THIS JUST IN … More lawsuits filed against California Water Fix project

Local Governments and Delta water agencies file twin tunnels lawsuit

Department of Water Resources’ twin tunnels approval ignores environmental impacts and viable alternatives

Today, representatives from Contra Costa County, San Joaquin County, Solano County, Yolo County, Contra Costa County Water Agency, Central Delta Water Agency, South Delta Water Agency and Local Agencies of the North Delta filed a lawsuit in the Sacramento County Superior Court challenging the Department of Water Resources’ flawed approval of the Environmental Impact Report (EIR) for the California WaterFix project, commonly known as the “Twin Tunnels.” Representatives of the agencies that filed the lawsuit provided the following statements:

“Contra Costa County has long been a protector of the Delta and this California Environmental Quality Act (CEQA) challenge should not come as a surprise. Like many other Bay Delta stakeholders, we have identified major flaws with the WaterFix proposal, significant impacts to water quality and the ecosystem, and continue to urge consideration of other more viable alternatives. What is surprising is the continued panicked rush by the state to push for a project that does not pencil out. Clearly, the enormous project costs and the lack of new water will have exporters walking away,” said Contra Costa County Supervisor Karen Mitchoff.

“This EIR process was always rigged in favor of the misnamed California WaterFix. The truth never mattered and pertinent facts were ignored because the state had already predetermined the selection of the twin tunnels. This lawsuit should provide some accountability by the state to accurately disclose negative impacts of the project, genuinely examine viable alternatives that will avoid environmental harm and legitimately give the public and affected agencies the opportunity to review and comment on anticipated and significant tunnel impacts,” said San Joaquin County Supervisor Chuck Winn.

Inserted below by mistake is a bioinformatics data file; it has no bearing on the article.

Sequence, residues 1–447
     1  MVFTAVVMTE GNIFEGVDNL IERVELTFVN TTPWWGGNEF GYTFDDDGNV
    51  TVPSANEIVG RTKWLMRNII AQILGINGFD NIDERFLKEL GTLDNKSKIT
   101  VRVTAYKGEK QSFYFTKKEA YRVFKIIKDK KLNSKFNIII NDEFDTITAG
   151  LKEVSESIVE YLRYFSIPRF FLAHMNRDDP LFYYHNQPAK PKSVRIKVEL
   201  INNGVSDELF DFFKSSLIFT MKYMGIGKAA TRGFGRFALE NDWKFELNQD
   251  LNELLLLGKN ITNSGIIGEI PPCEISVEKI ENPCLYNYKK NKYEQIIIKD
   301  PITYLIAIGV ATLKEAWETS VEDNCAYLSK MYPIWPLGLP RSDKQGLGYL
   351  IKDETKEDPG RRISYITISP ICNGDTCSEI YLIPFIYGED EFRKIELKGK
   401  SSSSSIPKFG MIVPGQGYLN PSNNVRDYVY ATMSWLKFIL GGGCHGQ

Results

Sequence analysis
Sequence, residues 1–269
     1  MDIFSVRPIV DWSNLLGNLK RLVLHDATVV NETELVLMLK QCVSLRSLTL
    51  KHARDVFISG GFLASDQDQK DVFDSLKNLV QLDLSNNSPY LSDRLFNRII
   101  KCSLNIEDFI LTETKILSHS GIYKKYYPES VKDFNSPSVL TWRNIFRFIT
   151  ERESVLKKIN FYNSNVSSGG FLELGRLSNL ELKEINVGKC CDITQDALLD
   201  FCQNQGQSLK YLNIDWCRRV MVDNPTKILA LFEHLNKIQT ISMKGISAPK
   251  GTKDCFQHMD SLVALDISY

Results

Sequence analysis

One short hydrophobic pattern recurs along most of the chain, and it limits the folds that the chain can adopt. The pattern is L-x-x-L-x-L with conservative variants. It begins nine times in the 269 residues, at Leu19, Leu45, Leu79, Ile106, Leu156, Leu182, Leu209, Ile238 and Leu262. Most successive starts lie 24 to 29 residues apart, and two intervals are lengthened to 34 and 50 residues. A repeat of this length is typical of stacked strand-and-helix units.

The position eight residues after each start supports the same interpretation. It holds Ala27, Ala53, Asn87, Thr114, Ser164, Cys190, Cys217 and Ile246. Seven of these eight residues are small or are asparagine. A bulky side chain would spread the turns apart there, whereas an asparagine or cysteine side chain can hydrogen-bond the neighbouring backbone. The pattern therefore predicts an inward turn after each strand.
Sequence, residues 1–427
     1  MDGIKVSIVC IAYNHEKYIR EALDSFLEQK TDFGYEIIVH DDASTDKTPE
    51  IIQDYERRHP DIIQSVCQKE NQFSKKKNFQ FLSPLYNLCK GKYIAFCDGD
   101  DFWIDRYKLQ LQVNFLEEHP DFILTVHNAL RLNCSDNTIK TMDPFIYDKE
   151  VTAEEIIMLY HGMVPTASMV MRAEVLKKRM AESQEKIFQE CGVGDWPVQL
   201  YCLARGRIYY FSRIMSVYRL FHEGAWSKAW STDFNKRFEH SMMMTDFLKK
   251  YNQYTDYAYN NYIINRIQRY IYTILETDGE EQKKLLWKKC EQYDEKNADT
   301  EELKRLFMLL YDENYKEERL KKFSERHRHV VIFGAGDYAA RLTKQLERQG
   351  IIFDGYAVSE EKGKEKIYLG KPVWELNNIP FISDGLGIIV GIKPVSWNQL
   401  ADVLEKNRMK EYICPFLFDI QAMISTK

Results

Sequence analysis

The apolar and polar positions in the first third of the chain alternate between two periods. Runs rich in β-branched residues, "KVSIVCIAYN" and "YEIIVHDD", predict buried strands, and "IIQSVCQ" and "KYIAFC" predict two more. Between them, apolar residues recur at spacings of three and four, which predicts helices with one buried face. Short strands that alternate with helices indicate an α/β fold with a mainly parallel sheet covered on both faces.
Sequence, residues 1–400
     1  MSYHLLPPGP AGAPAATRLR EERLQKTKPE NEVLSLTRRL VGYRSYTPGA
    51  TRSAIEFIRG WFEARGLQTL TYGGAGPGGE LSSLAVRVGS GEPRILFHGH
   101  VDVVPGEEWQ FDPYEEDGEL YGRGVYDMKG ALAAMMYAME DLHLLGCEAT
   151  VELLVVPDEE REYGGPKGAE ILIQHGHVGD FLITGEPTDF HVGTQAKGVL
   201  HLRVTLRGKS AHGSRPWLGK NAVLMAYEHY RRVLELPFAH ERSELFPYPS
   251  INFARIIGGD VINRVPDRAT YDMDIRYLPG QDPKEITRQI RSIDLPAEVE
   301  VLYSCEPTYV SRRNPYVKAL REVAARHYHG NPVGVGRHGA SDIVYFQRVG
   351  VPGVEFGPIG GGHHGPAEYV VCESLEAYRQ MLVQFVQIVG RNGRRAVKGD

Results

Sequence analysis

“The Tunnels project threatens the Delta’s water quality and agricultural heritage, but the lead agencies have still not fully disclosed or mitigated the project’s significant, negative impacts on Solano County and the Delta region. The environmental review that we’re challenging today simply fails the basic legal requirement to inform decision makers and the public about the true impacts of the project, but at least one thing is clear: the Tunnels represent a major missed opportunity to find a real solution for the challenges facing the Delta and the state,” said Solano County Supervisor Skip Thomson.

“The WaterFix poses serious and unacceptable risks to the Delta environment, economy, and way of life.  This lawsuit asserts that the state’s analysis of those risks is deficient and fails to afford full and proper consideration of other viable alternatives.  The state cannot simply paper over the fears of Delta communities and farmers.  Yolo County has a responsibility to protect the values of the Delta, the ongoing viability of its many small local agencies and reclamation districts, and communities like Clarksburg that are ground zero for a project of unprecedented cost, scale, and uncertainty,” stated Yolo County Supervisor Oscar Villegas.

“The environmental review for the WaterFix has substantial flaws and the entire process has been corrupted by Federal and state predetermination of the outcome prior to initiation of the environmental review process,” said Central Delta Water Agency representative, Dante Nomellini.

“Challenging the state’s CEQA document was an easy decision considering the massive unmitigated impacts to the Delta’s residents, fish and water quality. Despite a decade or more of development, the Twin Tunnels proposal is still unable to capture any new water when flows through the Delta are at their highest because there is no new storage south of the Delta. What’s clear is the WaterFix fails to achieve the co-equal goals of securing a more reliable water supply while restoring and enhancing the Delta ecosystem and protecting the Delta as a place,” said Contra Costa County Supervisor Diane Burgis on behalf of the Contra Costa County Water Agency.